My conservatism is being challenged with the suggestion that former Gov. Mark Sanford wants to return to public service. The Jan. 17 story wasted no time in getting to his extramarital affair. Transgressions in office have been glorified since former President Bill Clinton, and we no longer consider this bad behavior.
Sanford's report card should not be scored on his affair or his record. As one who admired the governor for his good service, I must say he failed in what should matter most when choosing our legislators -- character. He did not fail because of his affair; that is between him, his wife, his family and God. The failure is his dishonesty in the office he was privileged to hold.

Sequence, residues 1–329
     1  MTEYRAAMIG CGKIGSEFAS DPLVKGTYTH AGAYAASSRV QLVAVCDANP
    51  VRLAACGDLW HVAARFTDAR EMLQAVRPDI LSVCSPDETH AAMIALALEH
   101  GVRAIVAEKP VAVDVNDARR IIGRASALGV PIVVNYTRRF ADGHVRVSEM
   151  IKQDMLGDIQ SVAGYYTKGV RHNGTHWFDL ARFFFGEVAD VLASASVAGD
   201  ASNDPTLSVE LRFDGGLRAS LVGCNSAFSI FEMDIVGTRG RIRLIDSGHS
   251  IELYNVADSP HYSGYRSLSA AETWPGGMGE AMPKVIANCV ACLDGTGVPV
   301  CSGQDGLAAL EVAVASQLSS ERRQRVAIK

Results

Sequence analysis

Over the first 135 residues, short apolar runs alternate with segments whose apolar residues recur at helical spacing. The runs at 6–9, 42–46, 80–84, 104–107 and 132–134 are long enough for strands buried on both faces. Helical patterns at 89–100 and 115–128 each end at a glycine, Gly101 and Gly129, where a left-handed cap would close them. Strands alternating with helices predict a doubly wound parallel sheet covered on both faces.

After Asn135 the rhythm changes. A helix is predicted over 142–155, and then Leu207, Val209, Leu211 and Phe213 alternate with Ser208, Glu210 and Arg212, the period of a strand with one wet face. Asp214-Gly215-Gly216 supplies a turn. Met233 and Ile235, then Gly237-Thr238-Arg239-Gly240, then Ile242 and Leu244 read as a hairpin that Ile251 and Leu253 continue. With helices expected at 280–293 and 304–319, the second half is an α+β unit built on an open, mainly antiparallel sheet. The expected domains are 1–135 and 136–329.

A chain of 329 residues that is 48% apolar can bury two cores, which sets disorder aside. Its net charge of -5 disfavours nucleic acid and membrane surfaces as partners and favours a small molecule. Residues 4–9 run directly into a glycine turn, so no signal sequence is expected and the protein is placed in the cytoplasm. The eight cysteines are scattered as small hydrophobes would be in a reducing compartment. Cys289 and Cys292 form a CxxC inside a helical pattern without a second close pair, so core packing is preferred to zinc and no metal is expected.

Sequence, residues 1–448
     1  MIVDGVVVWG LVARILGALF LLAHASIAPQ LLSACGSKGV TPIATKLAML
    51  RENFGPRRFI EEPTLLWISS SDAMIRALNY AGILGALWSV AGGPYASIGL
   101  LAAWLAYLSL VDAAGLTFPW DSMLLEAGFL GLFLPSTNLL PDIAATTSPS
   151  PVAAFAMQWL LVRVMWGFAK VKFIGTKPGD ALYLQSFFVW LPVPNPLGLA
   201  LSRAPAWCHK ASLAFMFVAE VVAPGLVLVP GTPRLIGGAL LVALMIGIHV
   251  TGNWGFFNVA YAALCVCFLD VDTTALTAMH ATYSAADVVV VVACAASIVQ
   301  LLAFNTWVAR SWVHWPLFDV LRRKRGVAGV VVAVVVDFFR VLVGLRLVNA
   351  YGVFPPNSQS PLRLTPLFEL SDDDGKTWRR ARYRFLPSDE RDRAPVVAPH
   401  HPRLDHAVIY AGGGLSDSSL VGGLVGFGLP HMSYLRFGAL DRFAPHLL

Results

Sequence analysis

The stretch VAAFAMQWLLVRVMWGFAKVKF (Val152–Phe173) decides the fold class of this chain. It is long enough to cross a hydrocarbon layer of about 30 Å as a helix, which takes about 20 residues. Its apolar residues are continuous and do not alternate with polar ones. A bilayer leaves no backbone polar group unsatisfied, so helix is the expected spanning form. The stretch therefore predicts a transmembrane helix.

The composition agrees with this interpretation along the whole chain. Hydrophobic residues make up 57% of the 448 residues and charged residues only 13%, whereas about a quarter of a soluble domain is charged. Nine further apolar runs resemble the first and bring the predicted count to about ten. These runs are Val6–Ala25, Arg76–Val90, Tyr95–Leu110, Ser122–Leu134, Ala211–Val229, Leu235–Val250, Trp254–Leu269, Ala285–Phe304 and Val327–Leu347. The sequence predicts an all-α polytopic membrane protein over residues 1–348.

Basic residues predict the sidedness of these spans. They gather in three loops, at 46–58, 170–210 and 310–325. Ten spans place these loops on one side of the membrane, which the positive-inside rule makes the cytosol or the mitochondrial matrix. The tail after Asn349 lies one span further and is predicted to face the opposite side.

Being mysteriously absent in the line of duty, misusing state funds and lying about these actions is not acceptable behavior for a representative in Congress. Republicans were enraged when Democrat John Edwards did what we all despise in politicians. Sanford has excused himself as failing in this chapter of his life and spent a year apologizing.
Thank you for your 20-year track record, but we are looking for a man with high-quality principles. Failure and sin are in all of us, but dishonesty is a character trait that should not be a requirement for our congressional representatives. I learned in business never to rehire someone who has failed the test of honesty. Come on, voters, we can do better than this. Not everyone loves a comeback story like this.